Common Names: European black nightshade, black nightshade, duscle, garden nightshade, garden huckleberry, hound's berry, petty morel, wonder berry, small-fruited black nightshade, popolo
A nightshade species with a long history of medicinal and culinary uses. It has a height of 12 to 48 inches, leaves 1.5 to 3 inches long and 1 to 2.5 inches wide; ovate to heart-shaped, with wavy or large-toothed edges; both surfaces hairy or hairless; petiole 0.5 to 1 inch long with a winged upper portion. The flowers have petals greenish to whitish, recurved when aged and surround prominent bright yellow anthers. The berry is mostly 0.25 to 0.75 inches diam., dull black or purple-black when ripe.
Found in many wooded areas, as well as disturbed habitats.
Edible Notes: In various parts of the world, the berries are occasionally grown and eaten, but not cultivated for commercial use. In India the berries are referred to as 'fragrant tomato'. Leaves can be cooked in multiple changes of salted water an eaten as a vegetable. Not recommended.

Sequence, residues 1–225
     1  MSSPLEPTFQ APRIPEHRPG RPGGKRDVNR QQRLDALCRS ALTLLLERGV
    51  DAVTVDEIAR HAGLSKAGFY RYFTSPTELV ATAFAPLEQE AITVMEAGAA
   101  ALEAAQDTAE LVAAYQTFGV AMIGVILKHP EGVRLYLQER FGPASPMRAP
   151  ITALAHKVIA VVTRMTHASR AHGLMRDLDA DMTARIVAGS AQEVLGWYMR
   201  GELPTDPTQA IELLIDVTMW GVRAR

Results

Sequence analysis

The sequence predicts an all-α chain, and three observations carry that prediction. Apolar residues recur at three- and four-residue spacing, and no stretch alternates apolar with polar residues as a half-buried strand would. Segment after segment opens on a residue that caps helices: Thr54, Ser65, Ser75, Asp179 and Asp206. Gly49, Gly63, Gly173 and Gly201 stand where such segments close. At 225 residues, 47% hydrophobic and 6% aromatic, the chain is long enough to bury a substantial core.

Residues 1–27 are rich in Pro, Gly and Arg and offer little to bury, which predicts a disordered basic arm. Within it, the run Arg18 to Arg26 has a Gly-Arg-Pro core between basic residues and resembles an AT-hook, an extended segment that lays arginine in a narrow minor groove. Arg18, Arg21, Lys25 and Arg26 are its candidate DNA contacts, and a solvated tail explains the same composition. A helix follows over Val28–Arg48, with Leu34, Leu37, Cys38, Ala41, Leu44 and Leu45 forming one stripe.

Warnings: Solanine levels in S. nigrum can be toxic. Children have died from poisoning after eating unripe berries. However, the plant is rarely fatal, with ripe berries causing symptoms of mild abdominal pains, vomiting, and diarrhea. Sometimes Solanum nigrum is confused for deadly nightshade, a different Solanaceae species altogether. While some Solanum species such as the tomato, or pepper are edible and grown commercially, others are deadly toxic. In general, it may be advisable to simply avoid eating any Solanum species in the wild.